On $\mathbb{Z}$ I have a random walk $S$ with the probability of an increment of size $-1,0,1$ at each time step is $a,b,a$ respectively, with $a+b+a=1$. That is, I stay put with probability $b$, otherwise I hop left or right with equal probabilities. Does the probability $p(n,k)$ that started at $n \geq 0$ I will reach $0$ in exactly $k \geq 0$ steps have a nice formula?

A quick one step analysis shows the system is determined by the equations $$ p(0,0) = 1, $$ $$ p(n,k) = 0, \qquad k<n, $$ $$ p(n,k) = ap(n-1,k-1) + b p(n,k-1) + ap(n+1,k-1). $$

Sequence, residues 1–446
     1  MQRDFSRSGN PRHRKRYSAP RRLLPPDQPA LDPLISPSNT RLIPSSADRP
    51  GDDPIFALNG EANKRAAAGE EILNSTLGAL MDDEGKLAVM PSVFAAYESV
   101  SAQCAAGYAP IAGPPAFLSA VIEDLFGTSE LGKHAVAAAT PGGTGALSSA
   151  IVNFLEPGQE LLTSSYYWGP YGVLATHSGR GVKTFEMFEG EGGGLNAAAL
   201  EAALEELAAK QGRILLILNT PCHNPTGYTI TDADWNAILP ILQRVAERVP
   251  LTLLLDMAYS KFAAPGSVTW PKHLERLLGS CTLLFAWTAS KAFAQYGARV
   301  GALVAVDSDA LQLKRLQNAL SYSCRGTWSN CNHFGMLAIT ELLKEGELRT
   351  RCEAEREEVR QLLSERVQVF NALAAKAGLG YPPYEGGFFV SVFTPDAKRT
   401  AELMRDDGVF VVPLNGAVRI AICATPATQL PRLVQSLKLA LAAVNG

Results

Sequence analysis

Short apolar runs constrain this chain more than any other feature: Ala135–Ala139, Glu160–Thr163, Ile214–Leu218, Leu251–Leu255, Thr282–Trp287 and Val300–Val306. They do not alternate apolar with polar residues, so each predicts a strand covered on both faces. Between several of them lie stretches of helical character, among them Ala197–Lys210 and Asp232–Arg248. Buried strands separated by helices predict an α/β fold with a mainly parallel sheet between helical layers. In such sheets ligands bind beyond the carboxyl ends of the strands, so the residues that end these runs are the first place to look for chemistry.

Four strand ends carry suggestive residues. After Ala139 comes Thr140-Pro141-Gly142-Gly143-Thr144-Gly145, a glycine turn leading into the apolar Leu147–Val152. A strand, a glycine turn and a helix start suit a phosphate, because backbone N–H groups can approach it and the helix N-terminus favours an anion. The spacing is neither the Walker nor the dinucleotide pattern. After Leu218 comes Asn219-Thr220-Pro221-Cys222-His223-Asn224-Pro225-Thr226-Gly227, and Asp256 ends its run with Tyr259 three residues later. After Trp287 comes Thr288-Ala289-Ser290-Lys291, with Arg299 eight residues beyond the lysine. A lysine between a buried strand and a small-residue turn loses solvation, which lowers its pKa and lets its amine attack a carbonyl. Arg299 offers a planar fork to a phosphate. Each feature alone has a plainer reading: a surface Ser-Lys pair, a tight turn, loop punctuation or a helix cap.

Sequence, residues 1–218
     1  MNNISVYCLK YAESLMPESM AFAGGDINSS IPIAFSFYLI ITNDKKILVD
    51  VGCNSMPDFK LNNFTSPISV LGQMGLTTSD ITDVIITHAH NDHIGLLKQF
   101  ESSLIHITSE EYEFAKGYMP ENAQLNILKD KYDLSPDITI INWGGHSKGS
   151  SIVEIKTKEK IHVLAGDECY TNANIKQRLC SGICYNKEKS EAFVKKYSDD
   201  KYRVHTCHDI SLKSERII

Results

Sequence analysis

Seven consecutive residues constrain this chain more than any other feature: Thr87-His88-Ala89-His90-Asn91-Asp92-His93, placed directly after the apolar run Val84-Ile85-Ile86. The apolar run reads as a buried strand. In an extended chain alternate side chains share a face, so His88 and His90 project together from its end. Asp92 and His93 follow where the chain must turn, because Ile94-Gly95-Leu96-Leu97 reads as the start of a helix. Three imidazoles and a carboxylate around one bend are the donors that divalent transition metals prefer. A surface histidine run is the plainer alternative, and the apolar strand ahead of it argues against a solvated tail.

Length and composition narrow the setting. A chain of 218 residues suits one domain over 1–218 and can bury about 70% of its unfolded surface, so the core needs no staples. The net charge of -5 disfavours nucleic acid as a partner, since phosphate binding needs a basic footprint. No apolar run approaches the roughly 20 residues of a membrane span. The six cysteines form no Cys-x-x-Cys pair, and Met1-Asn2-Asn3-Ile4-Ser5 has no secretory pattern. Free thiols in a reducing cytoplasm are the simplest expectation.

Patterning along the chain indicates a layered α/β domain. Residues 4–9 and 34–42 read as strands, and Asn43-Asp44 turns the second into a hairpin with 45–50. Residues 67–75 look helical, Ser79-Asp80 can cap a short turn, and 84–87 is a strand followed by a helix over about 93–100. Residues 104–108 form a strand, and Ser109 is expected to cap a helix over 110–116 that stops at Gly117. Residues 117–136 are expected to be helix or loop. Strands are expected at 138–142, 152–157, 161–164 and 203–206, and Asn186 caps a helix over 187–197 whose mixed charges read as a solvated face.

I don't remember exactly how to solve these recurrence equations, though it is clear that given $a,b$ computing $p(n,k)$ could be done in a finite number of recursive calls. A reference I could cite with the answer would be appreciated as well.


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